To the Editor:
We report the case of a 24-year-old male athlete who sustained a spinal injury, while competing in a Swiss wrestling contest. His third cervical vertebra was fractured, producing incomplete sensory and motor paraplegia. Upon admission to a regional hospital, the patient was treated with IV large-dose methylprednisolone (1). He unfortunately suffered from massive aspiration during initial magnetic resonance imaging, followed by acute respiratory distress syndrome (ARDS) and systemic inflammatory reaction syndrome (SIRS). The patient's trachea was intubated and his lungs were mechanically ventilated. He was sedated with propofol at a maximum infusion rate of 2.6 mg·kg−1· h−1. He required moderate adrenergic support. Cardiac troponin I (Trop I) and creatine kinase (CK) were increased 14 and 52 h after initiation of propofol sedation. (Fig. 1) The patient developed acute renal failure and was transferred to our hospital, a tertiary referral center, for further therapy. Before dialysis could be started, he suffered from pulseless bradycardia because of hyperkalemia, followed by massive cerebral edema. Further therapy was withheld, and the patient died.
Propofol infusion syndrome is defined by severe metabolic acidosis, rhabdomyolysis, renal failure, and cardiac failure in association with a prolonged propofol infusion, critical illness, and concurrent administration of catecholamines and steroids (2). Evidence for dose-dependent association between propofol use and propofol infusion syndrome (3) has led to guidelines recommending maximum propofol infusion rates of 4.8 mg· kg−1·h−1 (4) for long-term sedation in intensive care unit patients. Recent case reports describe propofol infusion syndrome after short-term (3–6 h) infusions, if infusion rates are high (5–7). Our patient presented with the features of propofol infusion syndrome. We have no other explanation for his rhabdomyolysis and cardiac failure. He received markedly less propofol than the maximum doses currently considered safe. To our knowledge, this is the first case of suspected propofol infusion syndrome in a patient receiving such low propofol infusion rates. We suggest considering alternative sedation regimes when risk factors for propofol infusion syndrome are present: ARDS, SIRS, and treatment with large-dose steroids or catecholamines.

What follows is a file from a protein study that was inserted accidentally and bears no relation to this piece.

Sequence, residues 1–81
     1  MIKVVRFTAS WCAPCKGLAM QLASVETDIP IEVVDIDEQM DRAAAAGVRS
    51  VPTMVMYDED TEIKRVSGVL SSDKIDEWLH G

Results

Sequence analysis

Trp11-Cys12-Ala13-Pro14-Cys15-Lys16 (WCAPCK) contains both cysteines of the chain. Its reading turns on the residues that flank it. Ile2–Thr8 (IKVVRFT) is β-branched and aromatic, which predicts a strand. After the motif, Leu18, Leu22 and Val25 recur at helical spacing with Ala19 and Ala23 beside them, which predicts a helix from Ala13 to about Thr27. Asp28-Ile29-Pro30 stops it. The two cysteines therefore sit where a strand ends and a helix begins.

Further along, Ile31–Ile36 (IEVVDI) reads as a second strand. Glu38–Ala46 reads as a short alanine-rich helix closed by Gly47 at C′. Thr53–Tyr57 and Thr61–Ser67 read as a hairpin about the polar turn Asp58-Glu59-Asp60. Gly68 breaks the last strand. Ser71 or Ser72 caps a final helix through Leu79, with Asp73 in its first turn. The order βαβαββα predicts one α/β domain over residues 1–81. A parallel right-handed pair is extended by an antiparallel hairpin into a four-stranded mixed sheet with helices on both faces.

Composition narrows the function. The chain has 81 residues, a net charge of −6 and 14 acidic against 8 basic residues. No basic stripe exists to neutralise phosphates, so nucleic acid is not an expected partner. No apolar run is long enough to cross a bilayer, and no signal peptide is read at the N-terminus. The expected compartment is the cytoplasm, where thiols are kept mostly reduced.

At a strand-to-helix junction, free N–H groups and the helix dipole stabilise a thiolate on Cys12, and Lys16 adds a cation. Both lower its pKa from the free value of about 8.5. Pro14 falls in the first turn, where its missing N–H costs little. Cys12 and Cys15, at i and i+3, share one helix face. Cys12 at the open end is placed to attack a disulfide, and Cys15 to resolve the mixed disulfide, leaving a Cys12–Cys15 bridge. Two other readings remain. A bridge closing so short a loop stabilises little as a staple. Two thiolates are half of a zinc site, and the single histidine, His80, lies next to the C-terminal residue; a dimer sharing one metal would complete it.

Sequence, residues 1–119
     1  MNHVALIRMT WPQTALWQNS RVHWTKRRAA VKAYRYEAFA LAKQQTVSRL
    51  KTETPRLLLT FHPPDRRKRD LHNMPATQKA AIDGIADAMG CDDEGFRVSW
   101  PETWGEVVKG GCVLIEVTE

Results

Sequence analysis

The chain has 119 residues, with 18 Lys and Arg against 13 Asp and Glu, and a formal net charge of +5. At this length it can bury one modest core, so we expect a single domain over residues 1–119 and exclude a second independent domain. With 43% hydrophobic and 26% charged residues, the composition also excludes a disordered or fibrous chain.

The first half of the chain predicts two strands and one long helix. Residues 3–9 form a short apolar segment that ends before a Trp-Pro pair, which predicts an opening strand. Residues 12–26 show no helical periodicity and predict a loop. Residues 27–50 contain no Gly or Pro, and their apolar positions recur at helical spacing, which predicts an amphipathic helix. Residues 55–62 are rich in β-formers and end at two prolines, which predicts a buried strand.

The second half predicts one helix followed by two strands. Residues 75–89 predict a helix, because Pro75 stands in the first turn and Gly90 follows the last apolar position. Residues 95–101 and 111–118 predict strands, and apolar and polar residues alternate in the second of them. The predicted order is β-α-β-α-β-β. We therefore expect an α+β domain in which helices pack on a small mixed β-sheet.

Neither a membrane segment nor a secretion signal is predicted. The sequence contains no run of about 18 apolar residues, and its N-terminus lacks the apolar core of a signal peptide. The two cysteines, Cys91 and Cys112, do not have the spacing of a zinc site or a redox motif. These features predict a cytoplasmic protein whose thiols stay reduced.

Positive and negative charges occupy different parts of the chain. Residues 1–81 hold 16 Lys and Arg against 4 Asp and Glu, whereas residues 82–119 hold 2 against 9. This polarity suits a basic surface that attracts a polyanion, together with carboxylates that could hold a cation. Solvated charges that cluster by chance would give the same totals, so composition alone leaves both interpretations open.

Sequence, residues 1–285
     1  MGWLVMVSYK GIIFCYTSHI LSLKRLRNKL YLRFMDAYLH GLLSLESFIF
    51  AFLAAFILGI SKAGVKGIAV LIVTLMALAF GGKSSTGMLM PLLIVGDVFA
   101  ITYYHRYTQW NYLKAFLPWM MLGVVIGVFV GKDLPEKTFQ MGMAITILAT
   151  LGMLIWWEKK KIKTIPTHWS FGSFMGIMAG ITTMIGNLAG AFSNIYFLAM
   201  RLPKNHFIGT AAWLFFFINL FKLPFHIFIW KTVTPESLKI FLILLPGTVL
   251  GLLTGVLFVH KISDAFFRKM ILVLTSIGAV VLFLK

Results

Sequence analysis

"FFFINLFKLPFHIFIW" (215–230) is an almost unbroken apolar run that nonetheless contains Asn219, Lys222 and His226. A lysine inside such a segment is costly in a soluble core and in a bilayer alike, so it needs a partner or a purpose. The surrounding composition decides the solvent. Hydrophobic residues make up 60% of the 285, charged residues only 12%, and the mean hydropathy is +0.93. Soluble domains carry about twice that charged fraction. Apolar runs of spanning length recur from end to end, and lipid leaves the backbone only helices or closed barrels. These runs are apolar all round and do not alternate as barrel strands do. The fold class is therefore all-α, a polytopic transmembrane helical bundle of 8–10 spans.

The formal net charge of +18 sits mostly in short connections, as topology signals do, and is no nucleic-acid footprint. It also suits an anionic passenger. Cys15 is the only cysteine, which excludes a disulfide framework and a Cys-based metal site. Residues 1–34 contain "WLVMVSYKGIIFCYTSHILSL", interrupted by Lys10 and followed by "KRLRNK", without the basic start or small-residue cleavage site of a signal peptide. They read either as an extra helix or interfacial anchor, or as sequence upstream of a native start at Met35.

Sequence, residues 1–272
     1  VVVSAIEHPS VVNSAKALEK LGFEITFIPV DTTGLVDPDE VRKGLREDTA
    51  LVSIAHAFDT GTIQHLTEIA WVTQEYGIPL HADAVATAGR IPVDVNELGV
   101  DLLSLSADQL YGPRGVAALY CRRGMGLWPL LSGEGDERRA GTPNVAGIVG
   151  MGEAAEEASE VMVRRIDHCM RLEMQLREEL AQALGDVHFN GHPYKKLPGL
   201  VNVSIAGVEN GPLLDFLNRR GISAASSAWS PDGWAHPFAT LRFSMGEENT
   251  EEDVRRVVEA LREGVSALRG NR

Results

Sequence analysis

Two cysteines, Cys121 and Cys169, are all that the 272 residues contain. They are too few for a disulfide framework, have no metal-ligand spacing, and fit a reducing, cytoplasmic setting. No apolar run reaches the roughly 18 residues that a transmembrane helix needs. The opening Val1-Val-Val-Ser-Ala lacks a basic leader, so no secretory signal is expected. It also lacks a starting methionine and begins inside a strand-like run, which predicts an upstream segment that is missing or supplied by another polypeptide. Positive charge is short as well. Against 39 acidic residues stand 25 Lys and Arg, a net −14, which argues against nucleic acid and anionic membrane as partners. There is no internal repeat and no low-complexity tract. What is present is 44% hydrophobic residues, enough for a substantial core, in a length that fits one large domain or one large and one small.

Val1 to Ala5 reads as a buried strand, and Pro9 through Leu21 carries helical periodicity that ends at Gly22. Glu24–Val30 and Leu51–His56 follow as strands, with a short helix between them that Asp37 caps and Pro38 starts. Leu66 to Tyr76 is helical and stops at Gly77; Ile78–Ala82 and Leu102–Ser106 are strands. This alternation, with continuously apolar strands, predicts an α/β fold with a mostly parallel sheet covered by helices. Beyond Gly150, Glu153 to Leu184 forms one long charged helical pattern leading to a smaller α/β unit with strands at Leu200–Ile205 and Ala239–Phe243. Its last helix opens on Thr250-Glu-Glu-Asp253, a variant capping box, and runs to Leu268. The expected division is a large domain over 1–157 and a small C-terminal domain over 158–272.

Tobias M. Merz, MD
Bruno Regli, MD
Hans-Ulrich Rothen, MD, PhD
Clinic of Intensive Care Medicine
University Hospital Bern
Peter Felleiter, MD
Intensive Care Unit
Swiss Paraplegic Centre Nottwil
1. Bracken MB, Shepard MJ, Collins WF, et al. A randomized, controlled trial of methylprednisolone or naloxone in the treatment of acute spinal-cord injury. Results of the Second National Acute Spinal Cord Injury Study. N Engl J Med 1990;322:1405–11.
2. Vasile B, Rasulo F, Candiani A, Latronico N. The pathophysiology of propofol infusion syndrome: a simple name for a complex syndrome. Intensive Care Med 2003;29:1417–25.
3. Cremer OL, Moons KG, Bouman EA, et al. Long-term propofol infusion and cardiac failure in adult head-injured patients. Lancet 2001;357:117, 118.
4. Jacobi J, Fraser GL, Coursin DB, et al. Clinical practice guidelines for the sustained use of sedatives and analgesics in the critically ill adult. Crit Care Med 2002;30:119–41.
5. Burow BK, Johnson ME, Packer DL. Metabolic acidosis associated with propofol in the absence of other causative factors. Anesthesiology 2004;101:239–41.
6. Liolios A, Guerit JM, Scholtes JL, et al. Propofol infusion syndrome associated with short-term large-dose infusion during surgical anesthesia in an adult. Anesth Analg 2005;100:1804–6.
7. Salengros JC, Velghe-Lenelle CE, Bollens R, et al. Lactic acidosis during propofol-remifentanil anesthesia in an adult. Anesthesiology 2004;101:241–3.